Support scammers, those knowledgeable and kind-hearted people who call you offering fake help for a fake problem on your computer – for a not-so-small fee- have to find ways in which to convince you that you have A Problem. They also have to convince you that it's possible for them to have any knowledge of what is happening on your computer, even though they have no remote access to it unless you're naive enough to help them install some kind of remote access tool: however, they usually do that by telling you that they represent or are working with some entity that you might consider authoritative: Microsoft, an ISP, even a security company.
Even so, people are not necessarily gullible enough to believe that they have a problem just because a cold-caller – usually with a foreign accent – tells them that Microsoft (or whoever) told them so. The scammers have to demonstrate the existence of the 'problem': in order to do this, they rely heavily on the misuse and misrepresentation of the output of Windows utilities that have little or no relation to security, which still seem to fall into three main groups:
However, here's a slightly novel twist worth noting. I have a report (thank you, Sarah!) of a scammer who directed his intended victim to Windows Task Manager: he tried to convince her that it was a problem that CPU usage was running at 3%, and it should be running at 80%. (The CPU or central processing unit is the chip that carries out the main computational work on your system: its brain, if you like.)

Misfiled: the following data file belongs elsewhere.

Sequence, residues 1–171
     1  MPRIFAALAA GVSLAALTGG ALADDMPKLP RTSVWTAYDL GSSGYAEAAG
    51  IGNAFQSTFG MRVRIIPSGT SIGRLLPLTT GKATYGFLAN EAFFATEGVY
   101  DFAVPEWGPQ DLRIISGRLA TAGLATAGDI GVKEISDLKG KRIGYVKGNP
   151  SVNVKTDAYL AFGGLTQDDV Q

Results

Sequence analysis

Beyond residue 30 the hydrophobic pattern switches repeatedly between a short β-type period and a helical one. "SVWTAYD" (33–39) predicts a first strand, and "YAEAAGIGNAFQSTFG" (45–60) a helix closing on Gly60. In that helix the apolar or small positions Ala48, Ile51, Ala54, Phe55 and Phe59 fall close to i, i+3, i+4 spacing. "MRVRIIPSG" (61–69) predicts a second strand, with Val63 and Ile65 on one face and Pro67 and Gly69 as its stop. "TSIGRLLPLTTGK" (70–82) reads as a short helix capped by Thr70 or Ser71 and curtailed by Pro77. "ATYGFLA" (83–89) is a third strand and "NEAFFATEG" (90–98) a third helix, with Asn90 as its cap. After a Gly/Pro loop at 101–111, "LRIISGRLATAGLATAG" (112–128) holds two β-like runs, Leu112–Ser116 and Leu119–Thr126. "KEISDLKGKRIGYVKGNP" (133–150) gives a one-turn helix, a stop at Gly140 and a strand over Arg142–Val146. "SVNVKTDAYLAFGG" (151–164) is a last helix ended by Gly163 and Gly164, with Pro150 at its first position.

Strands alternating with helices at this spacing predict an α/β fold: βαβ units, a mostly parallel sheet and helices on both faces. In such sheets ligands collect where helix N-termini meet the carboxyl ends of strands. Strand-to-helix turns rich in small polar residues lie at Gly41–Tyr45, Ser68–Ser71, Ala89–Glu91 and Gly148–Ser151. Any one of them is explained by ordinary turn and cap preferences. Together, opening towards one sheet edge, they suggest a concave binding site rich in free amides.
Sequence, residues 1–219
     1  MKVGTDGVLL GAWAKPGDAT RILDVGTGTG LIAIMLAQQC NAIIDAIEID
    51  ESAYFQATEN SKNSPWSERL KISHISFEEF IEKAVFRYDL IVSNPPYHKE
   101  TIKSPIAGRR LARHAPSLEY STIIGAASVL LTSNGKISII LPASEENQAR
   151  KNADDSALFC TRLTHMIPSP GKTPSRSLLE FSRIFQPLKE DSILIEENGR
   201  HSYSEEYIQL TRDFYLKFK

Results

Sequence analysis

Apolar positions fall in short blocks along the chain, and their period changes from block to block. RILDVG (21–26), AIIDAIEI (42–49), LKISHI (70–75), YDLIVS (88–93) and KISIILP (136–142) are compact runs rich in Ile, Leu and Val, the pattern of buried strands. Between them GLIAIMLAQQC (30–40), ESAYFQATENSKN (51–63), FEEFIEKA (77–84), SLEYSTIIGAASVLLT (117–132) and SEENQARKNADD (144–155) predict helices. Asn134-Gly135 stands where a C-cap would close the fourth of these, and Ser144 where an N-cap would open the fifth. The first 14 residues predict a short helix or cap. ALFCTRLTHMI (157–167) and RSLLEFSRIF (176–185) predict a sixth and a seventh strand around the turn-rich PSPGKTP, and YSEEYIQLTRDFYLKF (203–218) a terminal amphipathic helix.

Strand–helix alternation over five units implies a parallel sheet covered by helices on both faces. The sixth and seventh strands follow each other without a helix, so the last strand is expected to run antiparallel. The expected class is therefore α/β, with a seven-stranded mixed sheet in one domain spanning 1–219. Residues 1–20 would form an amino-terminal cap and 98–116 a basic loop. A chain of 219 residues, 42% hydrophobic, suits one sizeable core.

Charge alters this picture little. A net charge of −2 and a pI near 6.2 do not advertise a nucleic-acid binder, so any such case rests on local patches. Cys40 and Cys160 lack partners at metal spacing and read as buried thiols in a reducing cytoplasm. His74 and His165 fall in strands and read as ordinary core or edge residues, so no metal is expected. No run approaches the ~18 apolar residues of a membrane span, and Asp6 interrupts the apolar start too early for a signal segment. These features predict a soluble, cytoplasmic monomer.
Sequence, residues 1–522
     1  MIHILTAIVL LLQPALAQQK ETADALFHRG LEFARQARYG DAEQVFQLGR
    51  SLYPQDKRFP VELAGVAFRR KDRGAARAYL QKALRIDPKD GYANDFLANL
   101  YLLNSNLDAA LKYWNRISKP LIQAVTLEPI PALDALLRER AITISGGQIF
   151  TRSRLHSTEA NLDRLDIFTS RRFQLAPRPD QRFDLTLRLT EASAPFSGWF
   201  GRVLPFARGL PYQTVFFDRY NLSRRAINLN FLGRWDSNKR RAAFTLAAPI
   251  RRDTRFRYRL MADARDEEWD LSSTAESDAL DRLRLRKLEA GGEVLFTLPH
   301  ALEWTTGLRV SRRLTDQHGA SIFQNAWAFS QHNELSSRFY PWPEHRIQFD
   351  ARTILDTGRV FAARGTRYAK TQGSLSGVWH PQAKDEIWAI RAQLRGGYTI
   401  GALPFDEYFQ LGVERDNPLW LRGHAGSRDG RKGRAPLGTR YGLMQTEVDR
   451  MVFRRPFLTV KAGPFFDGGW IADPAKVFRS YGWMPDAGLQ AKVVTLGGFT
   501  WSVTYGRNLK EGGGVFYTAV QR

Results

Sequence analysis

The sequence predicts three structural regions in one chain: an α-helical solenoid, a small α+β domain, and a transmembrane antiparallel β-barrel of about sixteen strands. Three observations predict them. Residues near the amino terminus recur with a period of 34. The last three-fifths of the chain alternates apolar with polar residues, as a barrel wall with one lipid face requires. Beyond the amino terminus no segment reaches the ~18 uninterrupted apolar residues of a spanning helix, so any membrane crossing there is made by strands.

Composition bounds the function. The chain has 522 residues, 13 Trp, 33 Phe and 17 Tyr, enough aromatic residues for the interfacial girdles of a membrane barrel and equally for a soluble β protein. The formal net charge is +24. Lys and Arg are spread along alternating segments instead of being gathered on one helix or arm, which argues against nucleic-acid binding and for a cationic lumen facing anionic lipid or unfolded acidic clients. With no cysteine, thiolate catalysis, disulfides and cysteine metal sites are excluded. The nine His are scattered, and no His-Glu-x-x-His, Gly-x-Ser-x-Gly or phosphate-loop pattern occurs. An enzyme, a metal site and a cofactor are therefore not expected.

This is nonsense, of course: low CPU usage just means that the processor doesn't have much to do right now. In fact, a continuously high CPU usage percentage might actually indicate a problem, though I certainly wouldn't suggest that you let a cold-caller convince you that it's a virus (or a system about to crash, or World War III…) In general, though, it's perfectly normal for CPU usage to fluctuate dramatically according to what processes are active. For instance, you can see that I have quite a few processes running on the machine from which I've taken this screenshot, whereas the little netbook behind me which is just monitoring a handful of email accounts only shows 40 running processes, yet it's CPU usage is going as low as 1-2% and as high as 15-20% when it starts polling email servers, as it does at regular intervals..
Since it seems likely that scammers will make more use of Task Manager, the easiest way of dealing with it is simply to assume that if someone calls you out of the blue to tell you that you have a malware problem and tries to prove it by getting you to run Task Manager, they're lying.
Still, it may be worth taking a little time to understand what Task Manager actually does. The more esoteric aspects of the technology are rather more than I can address in a short blog, and most people are not going to need to understand it in that much detail, but let me see if I can put it on non-geek terms. (Well, there's always a first time…)
Task Manager is normally called using the key-sequences Ctrl-Alt-Del or Ctrl-Shift-ESC, but a scammer might ask you to go by a different route, probably the context menu on the Windows taskbar (at the bottom of your screen, by default) or starting taskmgr.exe from the Start menu or from command-line (DOS prompt). As you can see from the screenshot, there are four main tabs. (You might also see a Users tab if more than one user is logged on to the machine.)
While these sweethearts don't come up that often with a new technical twist to their scams, we have received quite a few reports (mostly as comments to our blogs on the topic) with some significant changes in the way that they're delivering their scripts. There'll be another blog about that shortly.
David Harley CITP FBCS CISSP
ESET Senior Research Fellow